During my summer internship with SteadyNYC, I have thoroughly enjoyed co-facilitating our Get Grounded Group Series. I believe group therapy is a useful tool to support emotional and mental health and growth. So, I’ve decided to share a bit more information about Group Therapy with you all!
What is Group Therapy?
Group therapy is a version of “traditional” psychotherapy during which multiple patients attend the same session to discuss and describe issues under the supervision of one or more therapists. It aims to help patients manage mental health symptoms, cope with negative behaviors/habits, and rebound from negative experiences, using proven techniques for problem management.
Different types of group therapy, based on mental health conditions or psycho-education goals, are readily available at many locations, for example, mental health clinics and private practices, hospitals, and community centers.
What to Expect in Group Therapy?
Groups often meet for one-to-two hours weekly and include between three and 15 patients. Some patients attend these therapy sessions in addition to individual therapy, while others only attend group sessions.
Depending on the therapist running the therapy session, the focus of Group Therapy is different. It often focuses on a specific topic, for example loss/grief or social anxiety.
Different Topics of Group Therapy:
- Generalized Anxiety Disorder (GAD)
- Attention Deficit/Hyperactivity Disorder (ADHD)
- Post-traumatic Stress Disorder (PTSD)
- Substance Use Disorder
- Panic Disorder
Group Therapy can also focus on other topics, which are not specific mental health disorders like:
- Domestic Violence
- Anger Management
- Cultural or Racial Trauma
- Chronic Pain or Illness
- Weight Loss
Different Types of Group Therapy:
Psychoeducation focused group therapy is centered around educating participants about a specific condition and providing new, adaptive coping strategies, to replace previous maladaptive practices.
Specific conditions include but are not limited to anxiety disorders (generalized or social), substance use disorders, etc.
Skills Development Groups:
Skills Development groups attempt to introduce and improve skills necessary to coping with mental health conditions.
Skills development groups share similarities with psychoeducational groups; however, the goal of skills development is to leave you with stronger cognitive and behavioral resources, allowing you to make better choices and avoid effects of negative situations.
Cognitive Behavioral Groups
Cognitive Behavioral Groups focus on identifying and restructuring distorted, negative, and/or maladaptive beliefs that subsequently lead to negative behaviors, emotional responses, and thought processes.
These groups try to increase your understanding of those negative beliefs in hopes of providing you with strategies to manage a behavior. For example, cognitive behavioral groups on substance use disorder may begin by identifying environments, social situations, and emotional states, which trigger substance use.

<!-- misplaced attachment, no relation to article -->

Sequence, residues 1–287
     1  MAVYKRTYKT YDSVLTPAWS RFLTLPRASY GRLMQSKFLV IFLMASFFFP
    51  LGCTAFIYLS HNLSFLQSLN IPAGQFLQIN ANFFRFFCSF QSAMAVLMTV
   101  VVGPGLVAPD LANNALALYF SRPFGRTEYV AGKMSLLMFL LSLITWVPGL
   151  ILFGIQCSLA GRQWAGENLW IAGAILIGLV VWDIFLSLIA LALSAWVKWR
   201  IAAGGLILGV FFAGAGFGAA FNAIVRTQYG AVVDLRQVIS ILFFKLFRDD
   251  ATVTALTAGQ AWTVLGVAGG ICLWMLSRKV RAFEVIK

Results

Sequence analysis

Support groups are a little different from traditional “group therapy” focusing on a mental health condition. Instead support groups focus on helping you manage difficult life changes, for example, the death of a significant other.
Such support groups not only encourage you to give and receive unconditional acceptance, while processing difficult feelings and situations, but also encourage you to consider personal beliefs and behaviors resulting from said loss.
What are the benefits of Group Therapy? / Why is Group Therapy helpful?
Joining group therapy can be intimidating for some – it is not always easy to join a room full of strangers and talk about intimate problems or feelings – but it can benefit you in ways that may not be provided during individual therapy. According to the American Psychological Association, new members to group therapy are regularly surprised by how satisfying and fulfilling these environments are.
Not only are you shown that you are not alone in your struggle, whether it be loss, depression, or social anxiety, but groups also provide a support network. This network allows other attendees to share their experiences and reflect on ideas for coping with specific challenges and can help keep you stay accountable along your journey. Additionally, talking and listening to others who are experiencing struggles similar to yours allows you to put your struggles in perspective. As such group therapy may provide more relief for the individual.
Another important benefit of group therapy is diversity. Group therapy brings people with different personalities and different backgrounds together. This diversity provides different perspectives and strategies to problem solving, encouraging members to understand other ways to face one’s own struggles.
How to know if group therapy is right for me?
- If you are social and like to share your experience with others, group therapy might be a good option.
- If you would like to hear others share their personal experiences and give you a new perspective, this type of therapy is a great place to meet and learn from others like you.
- If you are new to therapy and want to see what therapy is about, but are not ready to commit to individual therapy, this type of therapy session might be a good option.
- Many people report enjoying and/or benefitting from knowing that others share similar struggles to their own.
SteadyNYC is excited to announce we will be offering new groups in the fall. If you or someone you know is interested to learn more, please contact us.